Old Beijing in
21st Century
Globalized China

Ina Li (MUP & MPP ‘20, Harvard)

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Beijing is a city under constant transformation, from the imperial capital, the communist vanguard, the industrial center, the Olympics city, to the global metropolis today. Each transformation marks the end of a regime, a leadership, and a cultural generation, and the particular mix of ancient and modern physical structures is the outcome of past dominant political ideologies and different social environments. Ancient forms such as the hutong (traditional alleyways) and the siheyuan (traditional courtyard houses) are still highly involved in contemporary Beijing and are constantly given new identities to cater to the current political and social environment. The city has been the hot spot for the powerful to build their signature heritage: imperial Beijing was designed for the ancient royalties, socialist Beijing was modified for the Communist Party, and capitalist Beijing was established for the global economy. The history of city planning is indeed equivalent to the contemporary history of Chinese politics. Due to the complexity of the politics and Beijing’s ever-changing identity, the historic preservation tends to lag behind destructive forces and still remains problematic in many ways. Theoretically, the idea of preservation is recognized by officials. However, due to the influence of the new market economy, the complicated relationship between central and local governments, and the opaque top-down decision-making process, good concepts are rarely realized and implemented from the way they are suggested. This problem applies not only to historic preservation but also to many other cases that began with good intentions but ended entirely differently when power and profits became involved in the process.

It has been an unjust war in Beijing between the old and the new. For a true global city of the future, the old and the new should both have their places, forming a symbiotic relationship. Fortunately, there has been growing hope for the hutong preservation in terms of policy and public participation. With the growing market demand for the siheyuan and successful cases like the Nanluoguxiang neighborhood, the preservation of historic neighborhoods and the Old Beijing cultural heritage is proving to have an increasing economic value. More and more media coverage highlights the disappearing Old Beijing lifestyle; a growing number of boutique hotels in hutongs cater to young generations who consider the hutong life trendy and desirable, and the market price of the siheyuan in the Old City have gone up to 6 million U.S. dollars. It is clear that there has been a growing market demand for the Old Beijing heritage to come back as popular mainstream culture. As long as the property is secured from demolition, a great number of people are willing to invest their own money in restoring the siheyuan. The hutongs in the Old City are experiencing a new life cycle where the notion that living in a siheyuan is a symbol of status, has returned with the public’s growing appreciation of historic heritage and the establishment of more promising preservation policies.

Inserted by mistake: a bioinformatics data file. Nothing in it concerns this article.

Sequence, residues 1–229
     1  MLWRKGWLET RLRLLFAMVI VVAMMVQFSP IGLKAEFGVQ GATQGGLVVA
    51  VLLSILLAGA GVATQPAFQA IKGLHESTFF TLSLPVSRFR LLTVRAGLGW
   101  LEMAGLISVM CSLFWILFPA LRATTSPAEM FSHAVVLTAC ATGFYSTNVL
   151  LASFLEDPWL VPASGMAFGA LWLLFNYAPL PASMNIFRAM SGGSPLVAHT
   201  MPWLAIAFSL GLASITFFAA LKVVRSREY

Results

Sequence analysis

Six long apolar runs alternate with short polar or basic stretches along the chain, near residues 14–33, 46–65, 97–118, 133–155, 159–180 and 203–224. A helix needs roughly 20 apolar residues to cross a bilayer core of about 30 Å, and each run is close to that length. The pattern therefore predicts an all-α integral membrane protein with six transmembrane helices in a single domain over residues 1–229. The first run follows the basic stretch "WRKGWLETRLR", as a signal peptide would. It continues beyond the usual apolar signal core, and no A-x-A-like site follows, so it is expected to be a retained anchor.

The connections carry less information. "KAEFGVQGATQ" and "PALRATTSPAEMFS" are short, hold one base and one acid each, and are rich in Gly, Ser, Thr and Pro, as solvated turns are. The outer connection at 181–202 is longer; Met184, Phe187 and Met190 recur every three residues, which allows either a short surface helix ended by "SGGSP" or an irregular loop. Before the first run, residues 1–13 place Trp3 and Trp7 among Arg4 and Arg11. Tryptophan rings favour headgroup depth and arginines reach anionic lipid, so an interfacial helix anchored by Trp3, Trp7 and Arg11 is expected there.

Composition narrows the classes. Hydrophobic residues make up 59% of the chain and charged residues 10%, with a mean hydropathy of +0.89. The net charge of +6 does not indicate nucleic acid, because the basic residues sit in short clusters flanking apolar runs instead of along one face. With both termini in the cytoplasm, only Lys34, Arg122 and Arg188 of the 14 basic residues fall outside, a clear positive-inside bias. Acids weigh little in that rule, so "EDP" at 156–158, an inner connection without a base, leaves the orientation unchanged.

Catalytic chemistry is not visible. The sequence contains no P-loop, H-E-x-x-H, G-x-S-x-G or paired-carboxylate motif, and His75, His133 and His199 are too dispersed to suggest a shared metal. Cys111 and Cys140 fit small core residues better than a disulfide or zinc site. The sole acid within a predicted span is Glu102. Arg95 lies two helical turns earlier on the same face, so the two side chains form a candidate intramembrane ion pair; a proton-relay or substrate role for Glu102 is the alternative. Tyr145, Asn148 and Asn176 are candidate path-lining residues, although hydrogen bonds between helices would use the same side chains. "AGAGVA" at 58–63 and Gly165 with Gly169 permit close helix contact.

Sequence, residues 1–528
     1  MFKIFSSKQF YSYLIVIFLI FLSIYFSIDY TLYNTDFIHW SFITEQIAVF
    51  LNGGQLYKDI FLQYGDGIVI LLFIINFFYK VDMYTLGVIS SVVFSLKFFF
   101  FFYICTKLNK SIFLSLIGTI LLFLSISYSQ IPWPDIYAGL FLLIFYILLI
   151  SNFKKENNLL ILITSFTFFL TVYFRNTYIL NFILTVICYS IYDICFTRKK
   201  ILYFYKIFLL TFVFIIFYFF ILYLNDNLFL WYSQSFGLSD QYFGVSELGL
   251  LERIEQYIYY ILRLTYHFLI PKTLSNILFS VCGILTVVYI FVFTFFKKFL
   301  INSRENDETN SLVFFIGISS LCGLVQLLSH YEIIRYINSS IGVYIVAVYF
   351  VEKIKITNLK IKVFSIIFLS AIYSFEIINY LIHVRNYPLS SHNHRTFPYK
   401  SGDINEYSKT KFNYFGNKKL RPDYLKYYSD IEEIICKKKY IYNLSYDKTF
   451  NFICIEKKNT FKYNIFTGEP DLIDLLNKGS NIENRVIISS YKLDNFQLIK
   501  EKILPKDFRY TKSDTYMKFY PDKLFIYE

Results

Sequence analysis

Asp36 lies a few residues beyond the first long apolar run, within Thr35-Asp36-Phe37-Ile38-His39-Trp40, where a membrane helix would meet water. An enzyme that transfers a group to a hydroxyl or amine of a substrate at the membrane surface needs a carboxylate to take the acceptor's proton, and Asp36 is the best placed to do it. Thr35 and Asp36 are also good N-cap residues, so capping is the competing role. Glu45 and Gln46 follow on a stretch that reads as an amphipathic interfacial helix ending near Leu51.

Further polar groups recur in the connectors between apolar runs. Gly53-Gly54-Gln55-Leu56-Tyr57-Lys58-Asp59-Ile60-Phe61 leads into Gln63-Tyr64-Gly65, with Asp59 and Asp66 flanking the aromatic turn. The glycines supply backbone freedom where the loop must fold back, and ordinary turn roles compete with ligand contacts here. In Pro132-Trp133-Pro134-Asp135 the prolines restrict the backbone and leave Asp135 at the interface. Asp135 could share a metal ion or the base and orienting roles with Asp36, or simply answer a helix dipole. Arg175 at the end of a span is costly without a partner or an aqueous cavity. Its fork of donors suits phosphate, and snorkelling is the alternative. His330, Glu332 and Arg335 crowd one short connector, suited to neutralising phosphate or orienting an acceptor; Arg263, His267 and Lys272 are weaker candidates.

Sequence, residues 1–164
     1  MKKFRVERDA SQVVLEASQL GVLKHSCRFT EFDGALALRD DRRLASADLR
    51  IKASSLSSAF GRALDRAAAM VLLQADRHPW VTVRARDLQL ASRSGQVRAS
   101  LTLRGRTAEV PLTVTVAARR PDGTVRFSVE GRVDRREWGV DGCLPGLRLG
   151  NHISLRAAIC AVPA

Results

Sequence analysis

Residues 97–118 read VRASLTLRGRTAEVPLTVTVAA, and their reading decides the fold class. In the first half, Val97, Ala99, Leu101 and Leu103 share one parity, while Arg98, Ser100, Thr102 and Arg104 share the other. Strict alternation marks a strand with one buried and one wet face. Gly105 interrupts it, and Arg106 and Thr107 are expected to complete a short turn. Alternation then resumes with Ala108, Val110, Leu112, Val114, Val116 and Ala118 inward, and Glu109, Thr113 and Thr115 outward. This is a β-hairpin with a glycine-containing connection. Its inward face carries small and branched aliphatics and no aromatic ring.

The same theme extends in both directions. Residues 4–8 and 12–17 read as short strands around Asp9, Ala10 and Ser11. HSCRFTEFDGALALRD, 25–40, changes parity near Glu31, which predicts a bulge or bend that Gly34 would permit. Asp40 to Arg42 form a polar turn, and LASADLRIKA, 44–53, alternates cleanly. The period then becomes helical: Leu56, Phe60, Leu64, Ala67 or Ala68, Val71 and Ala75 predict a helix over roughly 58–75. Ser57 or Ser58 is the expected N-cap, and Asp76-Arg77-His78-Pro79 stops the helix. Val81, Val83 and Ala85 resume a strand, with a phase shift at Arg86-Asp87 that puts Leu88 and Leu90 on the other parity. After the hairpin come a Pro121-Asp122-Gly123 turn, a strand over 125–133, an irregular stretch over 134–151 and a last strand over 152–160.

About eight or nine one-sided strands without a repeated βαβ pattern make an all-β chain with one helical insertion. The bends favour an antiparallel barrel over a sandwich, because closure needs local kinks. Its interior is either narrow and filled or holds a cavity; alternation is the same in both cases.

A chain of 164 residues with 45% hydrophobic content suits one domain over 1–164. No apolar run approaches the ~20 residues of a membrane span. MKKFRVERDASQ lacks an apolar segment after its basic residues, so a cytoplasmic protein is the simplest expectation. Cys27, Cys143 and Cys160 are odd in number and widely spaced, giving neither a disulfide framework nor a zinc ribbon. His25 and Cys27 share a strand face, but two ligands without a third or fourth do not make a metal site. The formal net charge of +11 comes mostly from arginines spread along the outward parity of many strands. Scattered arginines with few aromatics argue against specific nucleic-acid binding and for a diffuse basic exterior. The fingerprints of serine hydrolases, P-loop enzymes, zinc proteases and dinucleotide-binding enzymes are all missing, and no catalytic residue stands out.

The problem of hutong gentrification has been heatedly debated in recent years, as a number of dilapidated siheyuans were restored and transformed into exclusive mansions with luxuries like jacuzzies and underground swimming pools. Indeed, more regulations on fair siheyuan trades and appropriate restoration should be implemented accordingly to better protect the originally vernacular architecture and rent stabilized tenants. However, looking at this gentrification from a historical perspective, we see that this is in fact not a new phenomenon. Rather, the siheyuan is completing a life cycle by going back to the hands of the rich and the powerful as a secure open space for pleasure and leisure, just like it originally was in Imperial China. The reality is that the physical condition of many siheyuan and hutong is concerning and does require restoration, so, if this can be done with private money under proper guidance, it does not necessarily have to be so frowned upon.

The importance of historic preservation in Beijing goes beyond establishing a museum city full of cultural artifacts and is rather about preserving the physical structures at all possible means, so that future generations can connect with the history carried by the Old City, and at the same time infuse the historic space with new meanings, reinventing the space based on particular social backgrounds dominant with their times. This is the best way to keep the hutong alive. One can prune a dying plant, but as long as the root system is still there, a new life canal can grow its way back.

In the past six decades, layers of history and culture intermix and overlap in Beijing at an accelerating speed, creating social phenomena inclusive to contemporary urban China. Due to the intricacy of Beijing’s present urban issues, this post is in no way presenting a solution, but rather hopes to provide a greater historical, social, and political context of China, so that readers can better understand the city planning of Beijing and the current status of historic preservation from a more comprehensive perspective and therefore place them into ongoing discussions around contemporary China in a global context.

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